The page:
Skip to main content
Open Access Publications from the University of California

UC Irvine

UC Irvine Electronic Theses and Dissertations bannerUC Irvine

Decision Making and Exploration During Childhood

No data is associated with this publication.
Creative Commons 'BY' version 4.0 license

This dissertation examines how decision-making strategies and exploration patterns change across the human lifespan. My research creates child-friendly versions of classical measures used to investigate adult’s decision making. In Chapters 2 and 3, I investigate what risk-taking looks like across development. By creating child-friendly versions the Iowa Gambling Task and the Balloon Analogue Risk Task, I find that children lean towards being more risk-seeking. However, many preschoolers seem to act randomly, suggesting that children do not understand the task at hand. In Chapters 4 and 5, I investigate how children balance exploration-exploitation by designing child-friendly bandit tasks. I find evidence that children are much more explorative than adults on bandit tasks. In Chapter 5, I uncover a potential benefit of high-levels of exploration during childhood; exploration helps children discover changes in the world that adults fail to notice. In Chapter 6, I discuss the limitations of exploration during childhood, specifically, I find that children do not demonstrate lower levels of inattentional blindness. Finally, in Chapter 7, I discuss the implications of these results for the fields of cognitive science, developmental psychology, education, evolutionary biology, and artificial intelligence.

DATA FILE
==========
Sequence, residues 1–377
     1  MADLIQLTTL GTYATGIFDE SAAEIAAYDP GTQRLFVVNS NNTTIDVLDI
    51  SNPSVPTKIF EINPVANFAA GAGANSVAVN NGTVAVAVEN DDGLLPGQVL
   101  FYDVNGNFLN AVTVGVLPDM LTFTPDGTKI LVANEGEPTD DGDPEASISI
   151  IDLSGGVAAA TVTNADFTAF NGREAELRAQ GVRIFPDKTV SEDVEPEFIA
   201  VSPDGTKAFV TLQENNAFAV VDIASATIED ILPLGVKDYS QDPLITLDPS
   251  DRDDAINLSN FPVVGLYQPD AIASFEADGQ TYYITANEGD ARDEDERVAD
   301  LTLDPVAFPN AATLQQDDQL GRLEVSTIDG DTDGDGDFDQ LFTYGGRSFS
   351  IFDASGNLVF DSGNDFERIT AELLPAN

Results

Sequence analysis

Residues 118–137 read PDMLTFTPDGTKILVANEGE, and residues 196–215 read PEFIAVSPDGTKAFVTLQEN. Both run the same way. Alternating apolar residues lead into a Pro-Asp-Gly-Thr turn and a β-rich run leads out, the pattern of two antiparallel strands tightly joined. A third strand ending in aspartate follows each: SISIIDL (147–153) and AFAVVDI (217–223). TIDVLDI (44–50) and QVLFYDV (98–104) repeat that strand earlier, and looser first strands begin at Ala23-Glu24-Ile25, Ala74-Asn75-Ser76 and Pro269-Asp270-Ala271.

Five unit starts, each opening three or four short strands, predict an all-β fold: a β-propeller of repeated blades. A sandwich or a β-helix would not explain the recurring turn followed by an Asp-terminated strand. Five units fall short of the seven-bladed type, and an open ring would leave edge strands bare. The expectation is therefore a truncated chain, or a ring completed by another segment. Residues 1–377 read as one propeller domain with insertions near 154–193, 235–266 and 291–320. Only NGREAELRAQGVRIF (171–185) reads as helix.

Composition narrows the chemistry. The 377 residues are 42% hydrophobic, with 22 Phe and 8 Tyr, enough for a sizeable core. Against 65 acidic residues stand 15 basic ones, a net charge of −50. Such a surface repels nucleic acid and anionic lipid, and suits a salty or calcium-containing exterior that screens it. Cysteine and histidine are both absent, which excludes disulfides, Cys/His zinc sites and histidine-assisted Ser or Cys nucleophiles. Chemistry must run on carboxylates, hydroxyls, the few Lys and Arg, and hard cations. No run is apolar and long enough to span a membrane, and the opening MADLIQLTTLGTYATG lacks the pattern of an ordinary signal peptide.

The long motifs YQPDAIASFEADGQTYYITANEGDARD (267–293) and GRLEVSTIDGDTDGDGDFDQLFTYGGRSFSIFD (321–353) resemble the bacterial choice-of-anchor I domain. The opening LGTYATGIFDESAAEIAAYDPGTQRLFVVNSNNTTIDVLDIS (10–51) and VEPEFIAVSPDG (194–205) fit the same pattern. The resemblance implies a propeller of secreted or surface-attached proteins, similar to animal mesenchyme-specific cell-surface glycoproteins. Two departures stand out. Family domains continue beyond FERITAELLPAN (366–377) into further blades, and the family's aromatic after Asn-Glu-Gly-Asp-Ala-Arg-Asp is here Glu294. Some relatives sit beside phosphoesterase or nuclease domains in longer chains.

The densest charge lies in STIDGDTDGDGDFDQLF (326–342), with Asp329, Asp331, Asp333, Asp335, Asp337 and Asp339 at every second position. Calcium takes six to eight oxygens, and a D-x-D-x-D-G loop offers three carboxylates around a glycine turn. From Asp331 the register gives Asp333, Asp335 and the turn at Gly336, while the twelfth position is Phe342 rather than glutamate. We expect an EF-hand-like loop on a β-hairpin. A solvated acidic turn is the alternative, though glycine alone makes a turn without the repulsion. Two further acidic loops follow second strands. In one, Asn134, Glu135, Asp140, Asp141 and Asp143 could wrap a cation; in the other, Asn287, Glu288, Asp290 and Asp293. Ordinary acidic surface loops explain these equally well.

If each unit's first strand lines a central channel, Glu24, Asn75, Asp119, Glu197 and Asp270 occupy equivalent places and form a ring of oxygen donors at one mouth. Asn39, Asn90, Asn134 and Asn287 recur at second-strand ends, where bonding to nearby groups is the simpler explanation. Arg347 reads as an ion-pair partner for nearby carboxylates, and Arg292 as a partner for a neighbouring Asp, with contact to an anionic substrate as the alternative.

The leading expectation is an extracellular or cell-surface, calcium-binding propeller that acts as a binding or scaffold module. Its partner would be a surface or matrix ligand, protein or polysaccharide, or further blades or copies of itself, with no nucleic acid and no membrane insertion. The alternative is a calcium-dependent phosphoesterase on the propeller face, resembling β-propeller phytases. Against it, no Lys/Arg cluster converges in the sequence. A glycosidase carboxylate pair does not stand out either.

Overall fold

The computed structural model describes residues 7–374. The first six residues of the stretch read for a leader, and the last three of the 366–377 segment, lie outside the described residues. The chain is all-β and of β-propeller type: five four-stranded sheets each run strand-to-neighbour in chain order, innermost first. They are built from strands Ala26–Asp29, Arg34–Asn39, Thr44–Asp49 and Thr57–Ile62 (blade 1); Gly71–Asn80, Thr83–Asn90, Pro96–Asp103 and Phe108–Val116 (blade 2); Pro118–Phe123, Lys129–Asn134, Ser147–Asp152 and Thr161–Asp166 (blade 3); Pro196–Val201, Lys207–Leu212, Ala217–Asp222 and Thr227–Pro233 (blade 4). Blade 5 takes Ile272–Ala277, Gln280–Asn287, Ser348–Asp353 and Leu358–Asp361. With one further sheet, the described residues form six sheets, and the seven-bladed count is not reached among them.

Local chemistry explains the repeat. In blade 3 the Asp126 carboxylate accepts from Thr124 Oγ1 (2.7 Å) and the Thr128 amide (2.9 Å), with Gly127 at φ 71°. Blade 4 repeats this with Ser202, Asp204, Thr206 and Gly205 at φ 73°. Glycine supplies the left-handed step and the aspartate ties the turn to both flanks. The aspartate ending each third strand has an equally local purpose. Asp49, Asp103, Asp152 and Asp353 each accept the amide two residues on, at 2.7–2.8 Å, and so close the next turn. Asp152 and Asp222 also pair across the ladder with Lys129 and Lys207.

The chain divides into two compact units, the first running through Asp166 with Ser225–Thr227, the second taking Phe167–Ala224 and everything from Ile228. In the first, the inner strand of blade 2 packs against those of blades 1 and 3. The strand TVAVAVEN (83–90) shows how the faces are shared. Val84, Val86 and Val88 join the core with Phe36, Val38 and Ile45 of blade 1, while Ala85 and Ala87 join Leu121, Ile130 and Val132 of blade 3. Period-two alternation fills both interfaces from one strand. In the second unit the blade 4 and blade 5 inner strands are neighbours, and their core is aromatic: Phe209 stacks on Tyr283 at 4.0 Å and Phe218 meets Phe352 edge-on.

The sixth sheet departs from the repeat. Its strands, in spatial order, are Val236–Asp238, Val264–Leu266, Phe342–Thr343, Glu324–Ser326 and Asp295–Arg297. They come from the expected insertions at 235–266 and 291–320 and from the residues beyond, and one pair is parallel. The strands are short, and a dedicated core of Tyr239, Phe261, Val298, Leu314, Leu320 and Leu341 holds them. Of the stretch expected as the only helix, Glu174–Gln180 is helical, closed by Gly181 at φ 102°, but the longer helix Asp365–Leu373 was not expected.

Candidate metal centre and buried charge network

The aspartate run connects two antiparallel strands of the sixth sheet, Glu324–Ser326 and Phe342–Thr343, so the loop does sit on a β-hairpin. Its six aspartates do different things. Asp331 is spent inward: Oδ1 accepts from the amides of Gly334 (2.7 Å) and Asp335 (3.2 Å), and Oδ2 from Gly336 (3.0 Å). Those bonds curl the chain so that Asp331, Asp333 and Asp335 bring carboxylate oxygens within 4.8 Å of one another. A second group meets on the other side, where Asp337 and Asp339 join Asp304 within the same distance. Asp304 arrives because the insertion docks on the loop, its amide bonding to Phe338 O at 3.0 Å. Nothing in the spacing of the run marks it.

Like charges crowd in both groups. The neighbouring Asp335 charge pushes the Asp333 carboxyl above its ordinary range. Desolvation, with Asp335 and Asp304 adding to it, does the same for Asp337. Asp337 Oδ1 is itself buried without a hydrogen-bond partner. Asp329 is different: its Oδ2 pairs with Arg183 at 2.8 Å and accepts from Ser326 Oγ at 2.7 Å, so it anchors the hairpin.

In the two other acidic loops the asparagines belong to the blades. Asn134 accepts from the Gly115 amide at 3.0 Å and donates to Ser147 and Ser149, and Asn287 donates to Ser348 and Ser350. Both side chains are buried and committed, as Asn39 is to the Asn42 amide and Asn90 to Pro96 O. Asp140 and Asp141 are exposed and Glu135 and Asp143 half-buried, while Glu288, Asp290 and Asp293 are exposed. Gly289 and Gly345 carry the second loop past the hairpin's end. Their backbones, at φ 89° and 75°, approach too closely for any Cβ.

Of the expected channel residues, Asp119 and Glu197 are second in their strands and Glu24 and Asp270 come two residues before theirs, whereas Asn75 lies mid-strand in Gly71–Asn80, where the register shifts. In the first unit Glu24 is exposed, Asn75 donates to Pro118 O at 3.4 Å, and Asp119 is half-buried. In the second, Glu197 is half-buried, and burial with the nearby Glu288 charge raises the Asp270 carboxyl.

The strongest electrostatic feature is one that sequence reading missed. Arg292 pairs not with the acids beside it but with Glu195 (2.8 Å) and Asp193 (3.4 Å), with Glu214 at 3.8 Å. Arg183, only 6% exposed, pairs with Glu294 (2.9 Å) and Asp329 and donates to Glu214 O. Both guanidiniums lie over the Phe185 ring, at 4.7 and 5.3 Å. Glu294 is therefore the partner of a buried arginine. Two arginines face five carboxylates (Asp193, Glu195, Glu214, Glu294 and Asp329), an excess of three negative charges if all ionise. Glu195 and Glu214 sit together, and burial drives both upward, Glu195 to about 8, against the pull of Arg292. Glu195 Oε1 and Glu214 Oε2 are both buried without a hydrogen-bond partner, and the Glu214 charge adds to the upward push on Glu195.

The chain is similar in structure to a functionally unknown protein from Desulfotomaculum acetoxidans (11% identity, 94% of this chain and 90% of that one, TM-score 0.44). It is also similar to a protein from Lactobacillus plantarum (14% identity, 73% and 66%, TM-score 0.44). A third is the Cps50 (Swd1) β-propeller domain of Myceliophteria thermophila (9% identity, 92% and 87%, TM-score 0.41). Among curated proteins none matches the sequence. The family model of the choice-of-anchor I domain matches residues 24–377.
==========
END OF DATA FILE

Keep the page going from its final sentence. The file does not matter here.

Main Content

This item is under embargo until May 22, 2025.